Preps sports site to stretch coverage across country | TheUnion.com
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Preps sports site to stretch coverage across country

Andy Beal admits that lately when he takes a long look at the rolling Sierra foothills outside his Cameron Park office window, he gets a bit nervous.

Considering what his company, Waveshift, Inc., is about to attempt, such anxiety is expected. But as company president, Beal also knows how far Waveshift’s MaxPreps.com has come in the past three years.

Two years ago, Waveshift introduced SacPreps.com, a Web site dedicated to coverage of high school sports in the Greater Sacramento area. Last year, SacPreps.com became MaxPreps.com, as Beal and company took their coverage to the next level – providing prep coverage for the entire state of California.



Now they’re going national.

“All 50 states … Over 2,000 leagues … 15,280 teams … 72,000 games … Just one Web Site … Wow,” flashes the rotating advertisement on MaxPreps.com’s Web site, announcing the company’s expanded coverage.




“I get very nervous when I think about,” said the 46-year-old Beal, a few days before the launch. “Obviously, this is a huge leap for us. There are also a number of things being changed in terms of the scope of operation in addition to going national.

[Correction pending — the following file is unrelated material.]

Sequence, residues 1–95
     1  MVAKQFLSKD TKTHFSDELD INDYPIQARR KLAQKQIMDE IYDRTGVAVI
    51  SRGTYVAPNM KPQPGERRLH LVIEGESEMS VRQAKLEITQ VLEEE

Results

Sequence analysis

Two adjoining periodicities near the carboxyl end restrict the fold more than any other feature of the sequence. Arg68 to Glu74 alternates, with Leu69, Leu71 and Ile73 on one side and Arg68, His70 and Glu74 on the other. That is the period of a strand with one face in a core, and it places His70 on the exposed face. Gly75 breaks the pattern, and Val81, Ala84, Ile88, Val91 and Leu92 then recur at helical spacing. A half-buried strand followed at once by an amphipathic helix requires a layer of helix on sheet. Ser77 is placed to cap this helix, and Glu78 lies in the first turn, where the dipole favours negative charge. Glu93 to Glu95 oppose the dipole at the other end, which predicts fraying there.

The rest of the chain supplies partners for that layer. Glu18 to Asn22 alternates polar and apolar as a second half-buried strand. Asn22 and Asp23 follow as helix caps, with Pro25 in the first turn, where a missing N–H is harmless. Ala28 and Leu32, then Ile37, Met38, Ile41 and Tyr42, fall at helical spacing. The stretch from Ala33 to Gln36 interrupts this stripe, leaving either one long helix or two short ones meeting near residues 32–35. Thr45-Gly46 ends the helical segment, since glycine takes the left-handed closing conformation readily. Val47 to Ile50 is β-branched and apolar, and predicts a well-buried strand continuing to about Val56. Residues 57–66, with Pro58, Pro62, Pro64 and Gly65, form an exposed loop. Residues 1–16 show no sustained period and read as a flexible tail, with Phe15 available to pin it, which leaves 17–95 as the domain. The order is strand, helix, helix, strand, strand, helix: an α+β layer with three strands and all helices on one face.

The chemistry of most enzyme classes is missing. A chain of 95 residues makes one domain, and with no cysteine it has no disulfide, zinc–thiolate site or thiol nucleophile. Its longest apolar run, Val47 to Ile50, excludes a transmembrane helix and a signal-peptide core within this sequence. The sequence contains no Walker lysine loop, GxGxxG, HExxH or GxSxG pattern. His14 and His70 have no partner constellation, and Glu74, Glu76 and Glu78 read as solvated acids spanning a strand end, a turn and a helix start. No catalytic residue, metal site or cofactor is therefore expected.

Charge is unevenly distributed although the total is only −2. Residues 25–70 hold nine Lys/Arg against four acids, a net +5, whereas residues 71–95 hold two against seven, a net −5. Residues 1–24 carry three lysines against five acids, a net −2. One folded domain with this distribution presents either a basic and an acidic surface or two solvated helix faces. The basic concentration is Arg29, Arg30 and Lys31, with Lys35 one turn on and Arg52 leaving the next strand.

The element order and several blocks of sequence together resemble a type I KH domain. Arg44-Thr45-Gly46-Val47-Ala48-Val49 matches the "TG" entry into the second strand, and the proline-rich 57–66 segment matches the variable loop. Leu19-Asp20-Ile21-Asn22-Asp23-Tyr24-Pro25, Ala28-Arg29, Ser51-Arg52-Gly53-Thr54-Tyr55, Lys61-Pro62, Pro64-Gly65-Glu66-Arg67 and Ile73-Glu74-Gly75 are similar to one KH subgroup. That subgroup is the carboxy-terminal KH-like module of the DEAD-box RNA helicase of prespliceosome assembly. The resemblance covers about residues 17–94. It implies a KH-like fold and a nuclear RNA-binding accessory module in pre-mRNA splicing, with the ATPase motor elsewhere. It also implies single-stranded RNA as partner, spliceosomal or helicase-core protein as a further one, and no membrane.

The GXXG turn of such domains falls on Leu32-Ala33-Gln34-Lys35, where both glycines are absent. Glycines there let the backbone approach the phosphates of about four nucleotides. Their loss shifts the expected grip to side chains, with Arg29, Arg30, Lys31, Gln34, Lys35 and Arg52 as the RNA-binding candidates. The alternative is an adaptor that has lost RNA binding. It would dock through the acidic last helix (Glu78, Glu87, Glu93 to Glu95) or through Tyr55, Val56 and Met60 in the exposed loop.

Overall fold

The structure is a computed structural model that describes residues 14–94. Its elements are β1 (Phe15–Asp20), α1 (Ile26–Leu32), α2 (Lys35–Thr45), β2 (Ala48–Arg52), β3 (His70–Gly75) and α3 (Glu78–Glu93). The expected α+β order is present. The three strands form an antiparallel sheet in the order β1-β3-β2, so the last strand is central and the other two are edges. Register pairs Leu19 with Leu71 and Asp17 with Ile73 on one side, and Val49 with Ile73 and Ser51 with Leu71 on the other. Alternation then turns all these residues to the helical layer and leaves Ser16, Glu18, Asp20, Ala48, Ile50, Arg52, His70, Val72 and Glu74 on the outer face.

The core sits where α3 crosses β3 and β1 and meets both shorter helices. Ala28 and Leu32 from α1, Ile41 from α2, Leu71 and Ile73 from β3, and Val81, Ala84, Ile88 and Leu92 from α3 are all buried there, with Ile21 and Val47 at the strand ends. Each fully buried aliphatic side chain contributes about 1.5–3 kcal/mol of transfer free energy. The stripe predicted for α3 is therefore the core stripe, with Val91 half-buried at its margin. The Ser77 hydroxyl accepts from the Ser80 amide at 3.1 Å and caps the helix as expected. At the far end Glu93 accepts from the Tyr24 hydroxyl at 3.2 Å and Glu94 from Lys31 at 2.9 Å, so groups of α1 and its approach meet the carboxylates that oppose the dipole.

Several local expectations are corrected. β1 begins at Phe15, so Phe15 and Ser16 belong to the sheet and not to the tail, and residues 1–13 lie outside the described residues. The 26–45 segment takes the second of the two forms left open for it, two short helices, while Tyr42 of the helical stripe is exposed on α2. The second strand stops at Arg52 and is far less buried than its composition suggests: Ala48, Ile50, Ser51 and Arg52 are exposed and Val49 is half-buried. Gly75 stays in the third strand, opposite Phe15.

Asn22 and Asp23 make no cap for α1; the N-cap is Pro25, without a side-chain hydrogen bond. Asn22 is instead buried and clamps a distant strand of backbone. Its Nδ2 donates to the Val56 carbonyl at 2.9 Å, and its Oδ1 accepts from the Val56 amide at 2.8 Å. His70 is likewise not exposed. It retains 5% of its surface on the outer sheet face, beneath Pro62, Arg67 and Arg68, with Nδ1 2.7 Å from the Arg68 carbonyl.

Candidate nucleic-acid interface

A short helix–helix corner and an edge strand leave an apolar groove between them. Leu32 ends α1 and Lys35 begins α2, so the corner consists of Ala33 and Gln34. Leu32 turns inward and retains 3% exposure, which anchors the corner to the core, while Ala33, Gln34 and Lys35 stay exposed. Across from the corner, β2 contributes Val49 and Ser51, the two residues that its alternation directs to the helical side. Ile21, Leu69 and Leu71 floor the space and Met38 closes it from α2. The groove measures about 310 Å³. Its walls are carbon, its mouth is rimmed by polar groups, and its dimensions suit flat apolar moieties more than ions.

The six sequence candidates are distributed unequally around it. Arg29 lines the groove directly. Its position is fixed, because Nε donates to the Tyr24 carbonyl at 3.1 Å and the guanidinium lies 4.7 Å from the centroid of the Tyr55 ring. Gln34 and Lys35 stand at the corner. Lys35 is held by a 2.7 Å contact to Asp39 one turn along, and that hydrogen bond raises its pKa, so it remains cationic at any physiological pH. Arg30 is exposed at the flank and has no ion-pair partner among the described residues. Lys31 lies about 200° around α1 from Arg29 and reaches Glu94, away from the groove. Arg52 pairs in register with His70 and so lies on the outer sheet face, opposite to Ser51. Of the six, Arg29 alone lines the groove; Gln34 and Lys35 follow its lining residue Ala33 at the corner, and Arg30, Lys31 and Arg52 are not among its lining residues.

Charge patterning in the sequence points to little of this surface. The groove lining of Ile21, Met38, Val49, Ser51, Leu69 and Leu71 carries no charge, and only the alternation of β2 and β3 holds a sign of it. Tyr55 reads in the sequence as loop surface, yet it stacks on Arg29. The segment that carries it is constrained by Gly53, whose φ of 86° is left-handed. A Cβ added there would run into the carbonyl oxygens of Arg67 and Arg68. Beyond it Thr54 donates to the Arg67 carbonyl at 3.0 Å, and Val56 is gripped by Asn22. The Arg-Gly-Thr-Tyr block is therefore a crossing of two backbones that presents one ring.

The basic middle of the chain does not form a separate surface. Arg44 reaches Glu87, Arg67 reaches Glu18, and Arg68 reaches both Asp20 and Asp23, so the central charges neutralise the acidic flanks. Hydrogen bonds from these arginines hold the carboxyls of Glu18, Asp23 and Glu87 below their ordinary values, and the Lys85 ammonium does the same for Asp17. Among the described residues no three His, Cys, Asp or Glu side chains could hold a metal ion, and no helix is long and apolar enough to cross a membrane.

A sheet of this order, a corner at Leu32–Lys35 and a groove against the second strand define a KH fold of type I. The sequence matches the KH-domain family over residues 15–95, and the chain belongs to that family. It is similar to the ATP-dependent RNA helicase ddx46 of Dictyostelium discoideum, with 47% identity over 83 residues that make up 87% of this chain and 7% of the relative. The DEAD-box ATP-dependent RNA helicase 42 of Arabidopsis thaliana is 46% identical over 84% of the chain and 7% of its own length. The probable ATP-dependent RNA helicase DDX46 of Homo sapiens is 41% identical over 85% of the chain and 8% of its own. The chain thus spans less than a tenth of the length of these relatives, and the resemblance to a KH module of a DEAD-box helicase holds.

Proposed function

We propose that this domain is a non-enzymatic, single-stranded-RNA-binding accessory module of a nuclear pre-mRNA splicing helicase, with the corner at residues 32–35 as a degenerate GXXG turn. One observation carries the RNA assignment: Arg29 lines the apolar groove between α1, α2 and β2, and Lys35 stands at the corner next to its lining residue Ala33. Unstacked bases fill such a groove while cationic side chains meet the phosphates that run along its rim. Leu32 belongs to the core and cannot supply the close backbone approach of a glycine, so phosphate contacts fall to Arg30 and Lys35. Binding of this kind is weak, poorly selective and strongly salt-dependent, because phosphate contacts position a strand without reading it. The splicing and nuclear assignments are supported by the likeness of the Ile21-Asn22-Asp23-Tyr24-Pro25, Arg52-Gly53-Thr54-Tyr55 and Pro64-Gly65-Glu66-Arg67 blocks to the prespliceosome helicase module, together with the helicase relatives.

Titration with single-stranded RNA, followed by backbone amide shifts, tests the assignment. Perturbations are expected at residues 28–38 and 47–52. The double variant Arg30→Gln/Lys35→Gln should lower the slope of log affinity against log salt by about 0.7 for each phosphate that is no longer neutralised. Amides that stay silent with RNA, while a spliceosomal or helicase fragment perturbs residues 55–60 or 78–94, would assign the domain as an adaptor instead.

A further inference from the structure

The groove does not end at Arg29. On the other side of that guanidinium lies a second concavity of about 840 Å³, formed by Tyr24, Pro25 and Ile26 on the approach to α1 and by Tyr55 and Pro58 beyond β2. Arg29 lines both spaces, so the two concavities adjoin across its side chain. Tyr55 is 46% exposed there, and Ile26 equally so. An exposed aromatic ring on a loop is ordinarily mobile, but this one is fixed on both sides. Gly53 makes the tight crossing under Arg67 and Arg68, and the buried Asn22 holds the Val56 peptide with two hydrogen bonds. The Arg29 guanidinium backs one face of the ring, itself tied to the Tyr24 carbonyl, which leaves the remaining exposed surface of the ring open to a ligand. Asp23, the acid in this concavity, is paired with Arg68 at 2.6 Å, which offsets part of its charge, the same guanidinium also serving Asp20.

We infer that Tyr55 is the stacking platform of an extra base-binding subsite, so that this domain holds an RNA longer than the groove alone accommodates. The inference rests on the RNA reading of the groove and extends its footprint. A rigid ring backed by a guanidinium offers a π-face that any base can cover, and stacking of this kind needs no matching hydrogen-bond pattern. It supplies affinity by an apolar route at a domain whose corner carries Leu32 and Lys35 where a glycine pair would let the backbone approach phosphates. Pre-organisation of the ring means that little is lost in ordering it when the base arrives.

“We’ve taken over CalPreps(.com), which used computer programs for statistical analysis and rankings. We’ve bought a TV show in New York City, that will focus on New York, New Jersey and Connecticut, but will hopefully be the first of many TV shows for us (offering regional prep coverage). We figured we might as well try to do it in the biggest market in the country and try to make our mark in the world.”

Providing prep coverage on such a stage as the Big Apple is a far cry from where Beal and his cohorts were a few years back, before launching SacPreps.com. The original idea was to develop the software the Web site now uses and sell it to members of the media to aid their ability to track high school sports statistics.

Nobody, though, was buying.

“We spent a lot of money on this and it was like ‘What are we going to do with it now?'” Beal said. “In July of 2002, we decided that maybe we would just do this ourselves and see what happens.”

What happened was avalanche of interest. High school coaches were extremely receptive to the idea, Beal said, and they followed through by regularly submitting their respective teams statistics. With those consistent reports from coaches, as well as links to area newspaper stories – including those of The Union – fans suddenly were just a mouse click away from the most comprehensive preps coverage perhaps ever provided of the Sacramento area scene.

“It went so well that first year that we decided to build on that and do it statewide,” Beal said. “That went so well that we decided to take it to the next level this year.”


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